The cycle rotates daily. A performance is followed by an engaging green room socials, which precedes a coffee critique the following afternoon before workshops and a new performance at night.
“It’s just so much going on. It’s like you’re bringing the Vancouver theatre forum to Vernon,” said Richard Kerton, Theatre BC Mainstage co-chair. “Every night is a different show. Every night is a different experience.”
Theatre BC’s Mainstage Festival kicks off at the Vernon and District Performing Arts Centre June 29 with Collected Stories by Donald Margulies presented by E.C.H.O. Players of the North Island Zone. Each night sees a performance from each of the eight theatre companies entered in this year’s festival, which culminates in an awards banquet July 7 at the Schubert Centre.
“We’re getting excited. We’re feeling the anxiety just crossing the T’s and dotting the I’s,” Kerton said of the looming festival kickoff.
“Mainstage likes to set a certain quality. Giving them (community theatre companies) the opportunity to perform in a professional theatre is an experience. It’s giving them a chance to see what it’s all about.”
Prior to the festival, theatre companies joined together with other companies in each of Theatre BC’s eight competing zones to decide which company proceeded to the provincials. In the Okanagan Zone (Ozone) that honour went to Powerhouse Theatre’s Calendar Girls directed by Tanya Laing Gahr.
As part of their initial performance, Calendar Girls, in the vein of the true story itself, produced a calendar from which a portion of the proceeds was donated to the Leukemia and Lymphoma Society of Canada.
According to Barbara Keith, with Powerhouse Theatre, those donations total $4,650 and will be presented to Anni Rychtera, an LLSC volunteer and a Non-Hodgkin Lymphoma survivor, prior to Calendar Girls’ July 1 Mainstage performance.
Other performances include The Best Brothers by Daniel MacIvor presented by Terrace Little Theatre of the Skeena Zone June 30, Halo by Josh MacDonald presented by the Chilliwack School of Performing Arts as a wild card entry from the Fraser Valley Zone July 2, The Gravitational Pull of Bernice Trimble by Beth Graham presented by Between Shifts Theatre of the North Shore Zone July 3, No Exit by Jean-Paul Sartre presented by Theatre In The Country of the Fraser Valley Zone July 4, Hand To God by Roberts Askins presented by Williams Lake Studio Theatre of the Central Interior Zone July 5 and Blackbird by David Harrower presented by Stage North of the Peace River Zone July 6.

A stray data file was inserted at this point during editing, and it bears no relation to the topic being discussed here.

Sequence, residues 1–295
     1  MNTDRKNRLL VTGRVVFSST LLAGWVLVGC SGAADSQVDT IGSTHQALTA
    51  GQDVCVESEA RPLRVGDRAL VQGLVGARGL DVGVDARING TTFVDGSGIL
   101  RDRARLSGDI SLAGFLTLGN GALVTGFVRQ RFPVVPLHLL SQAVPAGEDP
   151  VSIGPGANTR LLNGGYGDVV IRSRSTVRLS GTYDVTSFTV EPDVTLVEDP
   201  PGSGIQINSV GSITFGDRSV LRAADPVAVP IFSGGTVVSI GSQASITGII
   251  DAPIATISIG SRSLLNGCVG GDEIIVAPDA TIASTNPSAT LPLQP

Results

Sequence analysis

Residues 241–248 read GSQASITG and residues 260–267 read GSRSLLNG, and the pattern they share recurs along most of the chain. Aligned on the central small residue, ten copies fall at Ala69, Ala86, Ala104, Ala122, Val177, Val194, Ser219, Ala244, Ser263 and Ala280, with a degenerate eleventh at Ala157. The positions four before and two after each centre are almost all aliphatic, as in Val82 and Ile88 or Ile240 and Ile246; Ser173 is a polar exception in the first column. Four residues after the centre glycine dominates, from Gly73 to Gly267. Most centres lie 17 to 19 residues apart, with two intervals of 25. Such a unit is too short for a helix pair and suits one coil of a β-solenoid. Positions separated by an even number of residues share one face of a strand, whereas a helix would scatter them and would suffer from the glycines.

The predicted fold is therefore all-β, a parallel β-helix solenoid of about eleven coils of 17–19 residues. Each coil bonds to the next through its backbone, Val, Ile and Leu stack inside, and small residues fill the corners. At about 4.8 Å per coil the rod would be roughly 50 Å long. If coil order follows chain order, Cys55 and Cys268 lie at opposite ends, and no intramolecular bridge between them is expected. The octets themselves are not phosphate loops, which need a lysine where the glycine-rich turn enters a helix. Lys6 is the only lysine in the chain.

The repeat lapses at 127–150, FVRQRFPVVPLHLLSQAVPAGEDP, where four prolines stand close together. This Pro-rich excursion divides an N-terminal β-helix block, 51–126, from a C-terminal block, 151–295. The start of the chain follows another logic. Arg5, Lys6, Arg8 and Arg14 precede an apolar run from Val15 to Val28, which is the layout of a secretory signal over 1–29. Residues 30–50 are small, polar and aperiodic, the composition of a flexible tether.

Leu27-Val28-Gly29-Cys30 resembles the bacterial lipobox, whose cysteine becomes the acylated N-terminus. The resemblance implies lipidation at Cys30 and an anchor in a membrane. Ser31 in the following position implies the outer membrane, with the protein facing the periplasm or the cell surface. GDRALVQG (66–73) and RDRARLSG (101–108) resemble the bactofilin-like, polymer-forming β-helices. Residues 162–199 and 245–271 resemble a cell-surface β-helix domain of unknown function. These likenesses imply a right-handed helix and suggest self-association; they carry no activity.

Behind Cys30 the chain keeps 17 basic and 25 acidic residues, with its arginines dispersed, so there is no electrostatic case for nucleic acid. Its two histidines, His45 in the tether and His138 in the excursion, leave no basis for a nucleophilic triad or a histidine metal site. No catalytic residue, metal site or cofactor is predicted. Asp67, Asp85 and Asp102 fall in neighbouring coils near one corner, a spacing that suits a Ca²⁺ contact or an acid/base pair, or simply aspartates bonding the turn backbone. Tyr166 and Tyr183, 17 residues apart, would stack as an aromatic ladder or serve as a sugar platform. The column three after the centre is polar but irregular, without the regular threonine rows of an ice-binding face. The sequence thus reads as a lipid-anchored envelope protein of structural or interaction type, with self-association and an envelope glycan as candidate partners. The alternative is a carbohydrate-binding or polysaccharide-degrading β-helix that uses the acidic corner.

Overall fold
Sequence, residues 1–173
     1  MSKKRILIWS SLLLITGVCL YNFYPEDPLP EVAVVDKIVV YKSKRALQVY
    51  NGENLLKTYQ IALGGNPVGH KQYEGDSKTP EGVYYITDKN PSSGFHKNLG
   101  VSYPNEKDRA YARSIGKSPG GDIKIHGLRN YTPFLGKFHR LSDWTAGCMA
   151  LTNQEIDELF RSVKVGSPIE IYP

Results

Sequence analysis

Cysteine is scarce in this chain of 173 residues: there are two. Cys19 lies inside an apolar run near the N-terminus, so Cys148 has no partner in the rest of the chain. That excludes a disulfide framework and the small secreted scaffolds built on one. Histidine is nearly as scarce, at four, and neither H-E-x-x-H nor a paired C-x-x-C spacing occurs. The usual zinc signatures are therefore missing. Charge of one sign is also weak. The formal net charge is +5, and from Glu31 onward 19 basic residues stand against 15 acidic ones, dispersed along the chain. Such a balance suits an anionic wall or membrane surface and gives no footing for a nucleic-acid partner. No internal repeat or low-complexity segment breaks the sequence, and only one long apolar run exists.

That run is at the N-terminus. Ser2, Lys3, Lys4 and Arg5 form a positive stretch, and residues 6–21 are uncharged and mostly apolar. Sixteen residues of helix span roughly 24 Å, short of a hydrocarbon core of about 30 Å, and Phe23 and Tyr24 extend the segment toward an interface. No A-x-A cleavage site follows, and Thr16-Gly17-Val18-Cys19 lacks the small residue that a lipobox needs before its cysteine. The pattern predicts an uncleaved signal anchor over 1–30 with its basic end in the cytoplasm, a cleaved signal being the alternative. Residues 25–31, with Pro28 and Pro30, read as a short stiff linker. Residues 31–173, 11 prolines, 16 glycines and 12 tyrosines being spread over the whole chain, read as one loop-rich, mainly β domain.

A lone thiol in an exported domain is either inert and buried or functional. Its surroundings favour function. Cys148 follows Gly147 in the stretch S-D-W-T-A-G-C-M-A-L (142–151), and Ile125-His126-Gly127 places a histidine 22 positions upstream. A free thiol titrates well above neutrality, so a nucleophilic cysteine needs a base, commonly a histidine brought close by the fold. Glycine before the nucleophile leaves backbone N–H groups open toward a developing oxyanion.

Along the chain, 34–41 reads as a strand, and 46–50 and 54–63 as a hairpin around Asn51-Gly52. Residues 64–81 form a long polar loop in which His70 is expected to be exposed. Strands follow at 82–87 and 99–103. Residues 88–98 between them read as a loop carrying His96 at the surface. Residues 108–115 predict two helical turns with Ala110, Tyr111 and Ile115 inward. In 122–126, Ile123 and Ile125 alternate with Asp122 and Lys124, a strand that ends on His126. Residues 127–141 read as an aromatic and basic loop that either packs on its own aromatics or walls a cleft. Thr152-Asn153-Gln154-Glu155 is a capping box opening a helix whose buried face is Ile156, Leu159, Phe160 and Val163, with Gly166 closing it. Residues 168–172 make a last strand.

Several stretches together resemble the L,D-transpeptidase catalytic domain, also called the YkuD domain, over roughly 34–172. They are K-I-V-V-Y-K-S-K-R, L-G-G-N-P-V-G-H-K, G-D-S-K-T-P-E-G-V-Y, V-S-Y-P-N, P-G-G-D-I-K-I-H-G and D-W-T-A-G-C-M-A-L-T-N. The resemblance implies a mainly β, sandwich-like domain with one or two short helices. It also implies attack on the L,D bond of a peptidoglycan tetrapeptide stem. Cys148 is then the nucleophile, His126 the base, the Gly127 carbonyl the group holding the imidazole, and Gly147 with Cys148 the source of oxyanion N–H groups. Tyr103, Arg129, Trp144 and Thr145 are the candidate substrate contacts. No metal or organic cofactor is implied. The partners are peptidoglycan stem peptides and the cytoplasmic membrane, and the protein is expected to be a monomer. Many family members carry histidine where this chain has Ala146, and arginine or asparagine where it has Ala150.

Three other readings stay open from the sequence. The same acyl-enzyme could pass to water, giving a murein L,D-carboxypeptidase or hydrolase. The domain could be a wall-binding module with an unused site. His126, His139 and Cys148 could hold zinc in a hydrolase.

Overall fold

“Some of the companies are used to performing in their own facility and are getting used to (performing on new stages). Some have never performed in a big theatre either. We try to make it as comfortable as possible. Our goal is to welcome them to Vernon and relieve their anxiety,” Kerton said.
“Theatre BC is a non-profit. Our mandate is education. I’m confident that what we are doing is the right thing.”
Kerton said feedback from adjudicator Stephen Drover, artistic director of Rumble Theatre and associate artistic director at Arts Club Theatre Company, is provided not only to actors but to all who work on a production. And, for one Mainstage workshop, the feedback presented to Cathie Young, full-length winner of the Theatre BC 2017 Canadian Playwriting Competition is the highlight.
“She’s bringing her play to Vernon. That’s, of course, a brand new play never performed before,” Kerton said of Young who works with Expect Exceptional Theatre Company.
Scenes from Young’s play Port Moody Confidential – Glimpses will be workshopped by Kathryn Shaw at Powerhouse Theatre as part of the festival.
“It’s hard when you have it on paper to see what it’s going to look like on stage,” Kerton said.
In addition to the performances and critiques, local theatre star Amelia Sirianni will lead the Theatre Youth Camp Workshop July 5-7. Sirianni led the workshop last year with success.
“The biggest struggle is getting young people into community theatre, actually getting them on stage,” Kerton said.
At the banquet July 7, awards will be presented to theatre companies, actors, set designers, costume designers and more.
“We want people to come to the show. You’re not just buying a ticket to see a show, you’re supporting the theatre community,” Kerton said.
“This is a great opportunity for people to see great theatre in a short period of time at an affordable cost.”
Tickets to Theatre BC’s Mainstage Festival are available through the Ticket Seller, 250-549-7469, www.ticketseller.ca. Single performances are $30 or $25 Theatre BC member, a three-day pass is $87 or $72 respectively, a five-day pass is $140 or $115 and an eight-day pass is $216 or $176.